"We need to be more aggressive, more innovative and much more disruptive to ... change the business," Yum CEO Greg Creed said on the July 15 call. The umbrella company of the KFC, Taco Bell and Pizza Hut chains reported that operating profit declined 25 percent in China, as same-store sales plunged 10 percent.

Automakers

"Slashing our Chinese sales target looks inevitable." -Lee Won-hee, finance chief, Hyundai Motor

Automakers also feel the pain—particularly since China is now the largest car market in the world. Auto sales there fell 2.3 percent in June year over year, a bigger decline than has been seen for more than two years. Volkswagen, which has heavy exposure in the country, cut its 2015 forecast for vehicle sales earlier this month.

Hyundai Motor said sales in China slumped 14 percent in the quarter. "Slashing our Chinese sales target looks inevitable," Lee Won-hee, Hyundai's finance chief, announced on Thursday's earnings call.

Health care

Health care also appears to be slowing down but not just because of the economy. Novartis CEO Joseph Jimenez says as the Chinese government has increased medical coverage it has been impactful. "We have seen slowing growth in China ... across every one of the segments," he said.

Technology—including Apple

Then there's tech. Software company Microsoft noted macro conditions remain a challenge in "large opportunity markets" like Russia, Japan, Brazil and China.

When IBM this week reported revenue that missed analyst expectations, it was due largely to a drop in sales from the so-called BRIC countries of Brazil, Russia, India and China—including a 40 percent plunge in China as the company signed fewer large deals. Excluding currency effects and divested businesses, the Chinese segment fell 25 percent.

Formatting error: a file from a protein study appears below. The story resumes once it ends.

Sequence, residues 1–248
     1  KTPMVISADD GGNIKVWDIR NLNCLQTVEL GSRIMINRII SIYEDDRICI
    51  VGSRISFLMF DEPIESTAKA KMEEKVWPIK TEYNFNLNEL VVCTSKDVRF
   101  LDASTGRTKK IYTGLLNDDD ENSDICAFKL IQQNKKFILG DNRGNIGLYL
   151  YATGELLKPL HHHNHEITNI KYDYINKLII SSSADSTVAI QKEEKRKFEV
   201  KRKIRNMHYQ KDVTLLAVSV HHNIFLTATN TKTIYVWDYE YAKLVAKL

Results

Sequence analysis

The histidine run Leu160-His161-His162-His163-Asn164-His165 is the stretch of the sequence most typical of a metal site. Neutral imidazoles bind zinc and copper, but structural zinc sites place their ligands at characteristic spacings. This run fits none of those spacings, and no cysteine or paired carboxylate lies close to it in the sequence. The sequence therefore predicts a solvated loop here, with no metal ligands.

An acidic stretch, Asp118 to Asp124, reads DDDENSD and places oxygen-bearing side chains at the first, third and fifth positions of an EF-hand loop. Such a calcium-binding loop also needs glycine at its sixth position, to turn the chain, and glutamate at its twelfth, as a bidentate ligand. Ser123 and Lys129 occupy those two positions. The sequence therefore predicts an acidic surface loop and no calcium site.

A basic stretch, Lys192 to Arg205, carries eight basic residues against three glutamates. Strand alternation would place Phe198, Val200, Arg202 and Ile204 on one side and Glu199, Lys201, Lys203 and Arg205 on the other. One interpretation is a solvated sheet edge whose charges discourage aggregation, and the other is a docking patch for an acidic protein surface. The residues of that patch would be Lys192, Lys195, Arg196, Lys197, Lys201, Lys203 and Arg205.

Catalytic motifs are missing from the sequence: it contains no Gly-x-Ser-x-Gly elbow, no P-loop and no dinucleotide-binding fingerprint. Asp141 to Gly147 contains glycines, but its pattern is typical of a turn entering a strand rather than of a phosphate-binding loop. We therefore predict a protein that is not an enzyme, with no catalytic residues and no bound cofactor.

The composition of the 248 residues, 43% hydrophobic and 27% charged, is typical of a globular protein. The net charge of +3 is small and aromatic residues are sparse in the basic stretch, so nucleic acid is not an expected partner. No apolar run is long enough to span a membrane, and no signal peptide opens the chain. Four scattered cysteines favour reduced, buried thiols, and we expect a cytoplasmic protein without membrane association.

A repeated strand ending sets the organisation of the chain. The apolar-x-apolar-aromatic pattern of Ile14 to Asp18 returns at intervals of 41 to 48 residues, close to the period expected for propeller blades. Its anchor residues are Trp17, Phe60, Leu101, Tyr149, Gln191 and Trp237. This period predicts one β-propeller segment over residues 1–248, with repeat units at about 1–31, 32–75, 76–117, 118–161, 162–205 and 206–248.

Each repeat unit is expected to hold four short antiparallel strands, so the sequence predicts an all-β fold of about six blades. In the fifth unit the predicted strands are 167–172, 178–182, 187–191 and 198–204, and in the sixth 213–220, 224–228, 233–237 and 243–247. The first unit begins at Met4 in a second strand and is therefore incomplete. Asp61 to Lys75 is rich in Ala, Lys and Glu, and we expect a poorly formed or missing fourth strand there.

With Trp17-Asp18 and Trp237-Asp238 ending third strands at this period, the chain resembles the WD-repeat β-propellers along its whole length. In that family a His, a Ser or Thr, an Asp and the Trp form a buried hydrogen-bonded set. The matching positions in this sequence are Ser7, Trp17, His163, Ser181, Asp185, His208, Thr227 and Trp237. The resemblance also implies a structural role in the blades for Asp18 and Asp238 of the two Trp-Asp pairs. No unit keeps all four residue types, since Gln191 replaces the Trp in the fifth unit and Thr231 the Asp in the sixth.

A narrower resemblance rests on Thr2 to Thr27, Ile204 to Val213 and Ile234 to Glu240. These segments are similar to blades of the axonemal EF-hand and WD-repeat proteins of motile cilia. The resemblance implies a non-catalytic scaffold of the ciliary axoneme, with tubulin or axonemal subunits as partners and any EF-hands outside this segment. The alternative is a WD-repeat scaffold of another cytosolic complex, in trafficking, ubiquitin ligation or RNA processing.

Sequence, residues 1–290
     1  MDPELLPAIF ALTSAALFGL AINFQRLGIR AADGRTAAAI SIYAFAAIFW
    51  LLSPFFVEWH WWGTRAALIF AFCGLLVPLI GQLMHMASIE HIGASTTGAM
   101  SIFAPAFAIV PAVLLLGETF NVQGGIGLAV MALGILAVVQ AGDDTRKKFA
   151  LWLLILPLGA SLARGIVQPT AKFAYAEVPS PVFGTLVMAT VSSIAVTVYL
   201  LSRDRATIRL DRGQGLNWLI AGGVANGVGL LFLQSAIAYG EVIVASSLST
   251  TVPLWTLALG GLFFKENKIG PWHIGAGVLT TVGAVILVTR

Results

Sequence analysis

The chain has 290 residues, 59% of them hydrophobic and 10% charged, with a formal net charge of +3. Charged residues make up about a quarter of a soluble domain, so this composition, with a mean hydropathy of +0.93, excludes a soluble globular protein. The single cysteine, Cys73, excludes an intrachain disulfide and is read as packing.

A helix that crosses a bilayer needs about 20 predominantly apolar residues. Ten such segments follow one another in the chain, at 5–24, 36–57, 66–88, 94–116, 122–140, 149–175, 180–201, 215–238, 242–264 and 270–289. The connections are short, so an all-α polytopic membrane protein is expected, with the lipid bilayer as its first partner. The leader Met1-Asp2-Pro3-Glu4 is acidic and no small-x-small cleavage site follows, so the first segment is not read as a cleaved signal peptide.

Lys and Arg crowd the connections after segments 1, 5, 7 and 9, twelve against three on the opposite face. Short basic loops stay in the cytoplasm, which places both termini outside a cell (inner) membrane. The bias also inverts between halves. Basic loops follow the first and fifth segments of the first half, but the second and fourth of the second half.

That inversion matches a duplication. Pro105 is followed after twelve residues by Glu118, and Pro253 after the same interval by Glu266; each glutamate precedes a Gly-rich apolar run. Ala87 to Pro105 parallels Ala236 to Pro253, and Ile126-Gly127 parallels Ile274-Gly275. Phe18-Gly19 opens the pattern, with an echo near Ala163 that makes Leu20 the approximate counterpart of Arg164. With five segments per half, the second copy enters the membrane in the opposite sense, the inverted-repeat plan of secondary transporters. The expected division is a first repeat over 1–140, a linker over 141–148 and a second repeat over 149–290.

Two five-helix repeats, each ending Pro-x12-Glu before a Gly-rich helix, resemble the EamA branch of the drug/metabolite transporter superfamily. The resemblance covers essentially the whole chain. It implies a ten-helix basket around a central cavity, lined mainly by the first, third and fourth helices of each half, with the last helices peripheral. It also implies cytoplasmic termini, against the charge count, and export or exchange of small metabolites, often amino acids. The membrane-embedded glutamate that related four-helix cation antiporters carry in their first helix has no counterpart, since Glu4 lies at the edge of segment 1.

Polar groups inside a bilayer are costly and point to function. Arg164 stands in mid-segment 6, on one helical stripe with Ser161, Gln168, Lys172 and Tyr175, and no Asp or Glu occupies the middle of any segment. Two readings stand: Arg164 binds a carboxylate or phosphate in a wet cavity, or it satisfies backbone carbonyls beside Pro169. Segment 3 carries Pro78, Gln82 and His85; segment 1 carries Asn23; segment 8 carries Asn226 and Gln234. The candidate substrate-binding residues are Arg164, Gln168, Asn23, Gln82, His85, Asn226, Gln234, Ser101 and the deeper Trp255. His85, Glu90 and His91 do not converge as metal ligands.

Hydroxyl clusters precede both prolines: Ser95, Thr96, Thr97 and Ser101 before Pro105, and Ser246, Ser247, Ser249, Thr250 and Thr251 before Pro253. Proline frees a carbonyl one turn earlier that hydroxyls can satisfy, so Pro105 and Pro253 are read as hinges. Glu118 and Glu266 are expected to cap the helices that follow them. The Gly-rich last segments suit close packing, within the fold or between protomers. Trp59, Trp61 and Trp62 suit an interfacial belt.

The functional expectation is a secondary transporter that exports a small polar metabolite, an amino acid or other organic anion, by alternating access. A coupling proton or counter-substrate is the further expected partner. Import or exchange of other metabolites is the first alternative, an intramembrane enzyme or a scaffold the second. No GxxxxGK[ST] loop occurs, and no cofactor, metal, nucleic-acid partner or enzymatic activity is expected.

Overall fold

Read MoreApple doesn't have a China sales problem: Experts

VMware management told analysts and investors that the software maker saw a "significant slowdown" in its China business in the second quarter. The company expects it to remain a weak market for its products through the second half of the year.

"The turmoil in China could create some speed bumps in the near term." -Tim Cook, CEO, Apple

Apple's earnings, reported Tuesday, revealed that despite chalking up 87 percent iPhone sales growth in China, the company feels some caution: "The turmoil in China could create some speed bumps in the near term," Apple CEO Tim Cook said on the company's earnings call.

When it comes to the long-term outlook, however, Cook is still optimistic. "Nothing that's happened has changed our fundamental view that China will be Apple's largest market at some point in the future," he said. However, that didn't stop analysts at Cowen from downgrading shares of Apple due to their fears on China.

Winners—so far

All that said, it isn't just bad news for companies exposed to China. U.S. automaker General Motors, for example, insists it still sees China's growth potential. GM stuck to a forecast of generating about $2 billion in profit from China this year, despite warning that vehicle prices in China could decline about 5 to 6 percent.

"Our view for the year is that China is going to grow, the industry will grow in the low single-digit level, (the) industry grew 1 percent in first half, (and) we expect overall 2 to 3 percent for the year," General Motors CFO Chuck Stevens told CNBC.

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When Starbucks reported better-than-expected earnings this week, the coffee chain included an 11 percent increase in comparable sales in the China/Asia-Pacific market, as traffic in the region surged 10 percent.

Nike recently said that China returned to strong profitable growth as revenue topped $3 billion.

Carnival said that over time China will become the largest "source markets" for cruises as Chinese outbound travel is expected to double by 2020. The company announced Thursday that it's are sending two more ships into China for 2016.